When London’s Wembley Stadium welcomes Bayern Munich and Borussia Dortmund on Saturday May 25 for the UEFA Champions League final, there will be plenty of history being made.
This will be the first time two German clubs have met in the final of Europe’s most prestigious club competition; format not withstanding. It’s also the first time one venue will have hosted two finals in three years. 2011 saw Barcelona reach the peak of their proverbial power by defeating Manchester United at Wembley by a score of 3-1, but more on that in a moment.
Let’s take a look back at the other finals that have been played at Wembley.
1963-Milan 2-1 Benfica
58′-Jose Altafini (Milan)
66′-Jose Altafini (Milan)
The European final has been particularly cruel to Benfica and Portuguese legend Eusebio. He scored the opener in the first half, only to be outdone by Milan’s Brazilian forward Jose Altafini. It was the first title for one of Italy’s premier sides, but only 45,700 turned out to see the match that was officiated by English referee Arthur Holland.
1968-Manchester United 4-1 Benfica
53′-Bobby Charlton (Manchester United)
93′-George Best (Manchester United)
94′-Brian Kidd (Manchester United)
Ten years after the tragic Munich air disaster, Manchester United rose to power thanks to a “golden generation” of British talent. After a lackluster first half, Sir Bobby Charlton opened the scoring only to have the Portuguese side 22 minutes later. From there it was more stalemate action as the Red Devils kept the legendary Eusebio on lock down.
Then extra time came and Benfica (once again) found themselves on the wrong end of the scoreline. This was all prior to the “golden goal” rule so Manchester United would go on to tally three extra time goals courtesy of the great George Best, newly turned 19 Brian Kidd, and a second for good measure from Charlton.
92,225 fans passed through the turnstiles that day.
1971-Ajax 2-0 Panathinaikos
5′-Dick van Dijk (Ajax)
87′-Arie Haan (Ajax)
Panathinaikos became the first Greek side to reach a European final in club competition and they were quite the plucky underdogs in this match going up against the Johan Cruyff and the birth of “total football”. Unfortunately, there was no fairy-tale ending in this one as Ajax forward Dick van Dijk (no, not THAT Dick van Dyke) scored in the fifth minute and put the Greek side on their heels from the get go. Midfielder Arie Haan, who came on after halftime as a substitute, added a second for good measure just before the final whistle blew.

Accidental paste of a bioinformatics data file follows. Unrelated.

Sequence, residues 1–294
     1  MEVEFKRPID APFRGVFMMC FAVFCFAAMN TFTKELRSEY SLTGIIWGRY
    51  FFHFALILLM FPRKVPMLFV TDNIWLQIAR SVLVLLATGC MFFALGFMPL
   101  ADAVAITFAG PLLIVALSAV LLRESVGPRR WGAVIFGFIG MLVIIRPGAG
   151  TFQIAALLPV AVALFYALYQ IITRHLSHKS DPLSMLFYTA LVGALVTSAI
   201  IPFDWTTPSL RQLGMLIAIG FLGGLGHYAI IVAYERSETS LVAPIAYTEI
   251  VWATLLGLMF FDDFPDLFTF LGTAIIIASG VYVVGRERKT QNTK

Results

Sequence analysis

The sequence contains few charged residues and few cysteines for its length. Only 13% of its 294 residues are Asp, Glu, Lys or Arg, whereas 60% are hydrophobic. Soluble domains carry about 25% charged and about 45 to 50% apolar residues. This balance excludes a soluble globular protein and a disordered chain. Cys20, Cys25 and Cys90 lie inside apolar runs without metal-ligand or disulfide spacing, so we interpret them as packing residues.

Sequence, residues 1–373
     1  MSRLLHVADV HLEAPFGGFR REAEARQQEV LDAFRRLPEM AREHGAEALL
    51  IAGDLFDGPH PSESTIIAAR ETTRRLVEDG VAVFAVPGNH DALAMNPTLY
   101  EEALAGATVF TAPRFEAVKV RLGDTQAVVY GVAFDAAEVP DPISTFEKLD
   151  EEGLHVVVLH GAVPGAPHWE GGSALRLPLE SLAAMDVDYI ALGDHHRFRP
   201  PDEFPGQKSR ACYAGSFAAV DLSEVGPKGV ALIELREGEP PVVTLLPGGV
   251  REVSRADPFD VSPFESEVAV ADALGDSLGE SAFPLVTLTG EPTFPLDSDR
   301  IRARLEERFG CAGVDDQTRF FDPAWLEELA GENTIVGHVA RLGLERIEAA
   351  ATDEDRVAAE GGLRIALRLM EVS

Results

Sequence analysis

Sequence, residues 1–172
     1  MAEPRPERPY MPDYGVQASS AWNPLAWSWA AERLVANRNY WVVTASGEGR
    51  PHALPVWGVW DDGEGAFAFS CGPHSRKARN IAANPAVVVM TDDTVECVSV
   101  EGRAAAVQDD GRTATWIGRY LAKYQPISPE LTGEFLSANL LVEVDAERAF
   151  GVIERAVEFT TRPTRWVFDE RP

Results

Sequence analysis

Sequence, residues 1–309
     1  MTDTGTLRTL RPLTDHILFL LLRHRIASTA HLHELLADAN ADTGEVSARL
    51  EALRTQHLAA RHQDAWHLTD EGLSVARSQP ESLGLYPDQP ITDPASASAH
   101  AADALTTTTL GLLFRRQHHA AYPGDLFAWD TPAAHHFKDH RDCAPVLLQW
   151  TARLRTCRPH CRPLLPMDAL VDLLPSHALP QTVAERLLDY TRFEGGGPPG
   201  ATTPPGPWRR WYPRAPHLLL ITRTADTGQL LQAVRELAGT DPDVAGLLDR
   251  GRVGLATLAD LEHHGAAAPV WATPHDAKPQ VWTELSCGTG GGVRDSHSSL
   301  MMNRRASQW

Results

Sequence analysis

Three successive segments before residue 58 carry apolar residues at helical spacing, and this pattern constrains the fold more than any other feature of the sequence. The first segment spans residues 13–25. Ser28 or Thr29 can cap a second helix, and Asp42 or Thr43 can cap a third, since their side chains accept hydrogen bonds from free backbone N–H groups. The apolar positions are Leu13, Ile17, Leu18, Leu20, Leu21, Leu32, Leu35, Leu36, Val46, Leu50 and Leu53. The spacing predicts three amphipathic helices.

A solid crowd of 83,179 turned out for this one and there was still an English presence on the field as Jack Taylor oversaw the match as head official.
1978-Liverpool 1-0 Club Brugge
64′-Kenny Dalglish (Liverpool)
Once again, an English side was at the peak of its power when the final returned to Wembley. This time it was Liverpool representing the host nation and they searching for their second in a row after defeating Germany’s Borussia Mönchengladbach 3-1 in 1977.
The Belgian side made its first appearance in a final, but it was ultimately Liverpool who won thanks to a Kenny Dalglish strike midway through the first half. The match was hardly entertaining and both sides essentially blamed the other for the lackluster display. Still, 92,500 showed up to see the Reds clinch back-to-back titles.
1992-Barcelona 1-0 Sampdoria
111′-Ronald Koeman (Barcelona)
After a bit of hiatus, the European final returned to Wembley in 1992, just several months prior to one participant (Barcelona) hosting the summer Olympics. The Spanish side would go on to win in extra time thanks to Dutch defender Ronald Koeman’s free kick effort.
Several future high profile managers could be found on the field in this match including Swansea’s Michael Laudrup, former Barcelona/soon-to-be Bayern Munich manager Josep “Pep” Guardiola, and now former Manchester City manager Roberto Mancini.
This was Barcelona’s first European conquest and a meager 70,827 would wind up turning out to see. If only they knew what was to come.
2011-Barcelona 3-1 Manchester United
34′-Wayne Rooney (Manchester United)
54′-Lionel Messi (Barcelona)
69′-David Villa (Barcelona)
Sometimes knockout tournaments don’t allow for the two best teams to meet in the final. This was not the case in 2011 as the eventual champions of Spain and England went head to head in front of 87,695 people. Pedro opened the scoring midway through the first half, but Wayne Rooney gave the Red Devils hope when he equalized in the 34th minute.
But this was Barcelona at the peak of their power of Pep Guardiola and second half goals from Lionel Messi and David Villa saw the Catalan side earn their fourth European title. They also defeated United in 2009 in Rome by a score of 2-0.
*If you’re looking for a place to stay for this year’s final, Holiday Inn has several outstanding locations for to choose from. Check out the individual location pages below to see which one best fits your needs.*
Holiday Inn London Kensington Forum - www.hikensingtonforumhotel.co.uk/
Holiday Inn London Brent Cross - www.hilondonbrentcrosshotel.
Holiday Inn London Bloomsbury - www.hilondonbloomsburyhotel.
Holiday Inn London Regents Park - www.hilondonregentsparkhotel.
Holiday Inn London Mayfair - www.hilondonmayfairhotel.co.uk